People believed in witchcraft in the 17th century because they needed a way to explain the unexplainable, according to the BBC. When situations came up that could not be explained due to the lack of scientific and medical knowledge, people needed a scapegoat to help the masses understand. The easiest way to do that was to blame demonic powers.
Although witch hunts were popular in England during the 16th and 17th centuries, witchcraft persecutions started much earlier in other places in Europe. Historians have found evidence of witchcraft persecutions in places such as Switzerland and France as far back as the 14th century.
In the 17th century, people believed that witchcraft was practiced by women who had rejected God and made a pact with evil spirits. From 1484, when Pope Innocent VIII declared witchcraft a heresy, until 1750, historians believe that nearly 200,000 people across Europe were burned as witches.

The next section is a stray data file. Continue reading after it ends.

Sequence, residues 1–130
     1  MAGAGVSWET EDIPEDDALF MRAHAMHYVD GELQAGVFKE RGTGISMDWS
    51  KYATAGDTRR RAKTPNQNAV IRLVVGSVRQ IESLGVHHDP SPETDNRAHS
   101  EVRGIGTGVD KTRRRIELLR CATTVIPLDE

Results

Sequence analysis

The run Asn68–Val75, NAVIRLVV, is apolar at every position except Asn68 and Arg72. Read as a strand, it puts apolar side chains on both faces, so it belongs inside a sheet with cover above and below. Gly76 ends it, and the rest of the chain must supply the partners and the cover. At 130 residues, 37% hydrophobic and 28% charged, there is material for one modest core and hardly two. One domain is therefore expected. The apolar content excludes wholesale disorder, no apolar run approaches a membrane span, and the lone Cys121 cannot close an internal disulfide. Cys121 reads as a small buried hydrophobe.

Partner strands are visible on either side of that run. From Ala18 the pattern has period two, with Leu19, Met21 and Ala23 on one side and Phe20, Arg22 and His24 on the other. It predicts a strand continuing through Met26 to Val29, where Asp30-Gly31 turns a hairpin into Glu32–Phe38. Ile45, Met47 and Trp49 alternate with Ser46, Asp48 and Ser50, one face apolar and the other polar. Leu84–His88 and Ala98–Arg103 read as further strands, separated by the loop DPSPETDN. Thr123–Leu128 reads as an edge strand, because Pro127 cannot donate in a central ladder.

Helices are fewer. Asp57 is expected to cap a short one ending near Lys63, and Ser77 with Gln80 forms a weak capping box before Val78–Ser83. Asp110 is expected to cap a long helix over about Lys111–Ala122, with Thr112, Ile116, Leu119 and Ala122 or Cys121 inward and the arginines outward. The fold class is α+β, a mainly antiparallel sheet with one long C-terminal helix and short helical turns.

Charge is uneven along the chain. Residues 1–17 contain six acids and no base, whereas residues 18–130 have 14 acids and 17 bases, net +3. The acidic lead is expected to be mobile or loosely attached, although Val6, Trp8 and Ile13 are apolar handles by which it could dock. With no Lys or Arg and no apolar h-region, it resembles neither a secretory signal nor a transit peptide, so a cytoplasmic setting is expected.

The fear of witches in Europe was only amplified by the fact that many famous kings were frightened of witchcraft. King James I was historically famous for being terrified of witches and witchcraft. In 1567, he advocated the writing of a book called “Daemonologia.” This book set the stage for how witches were identified throughout the 16th and 17th centuries.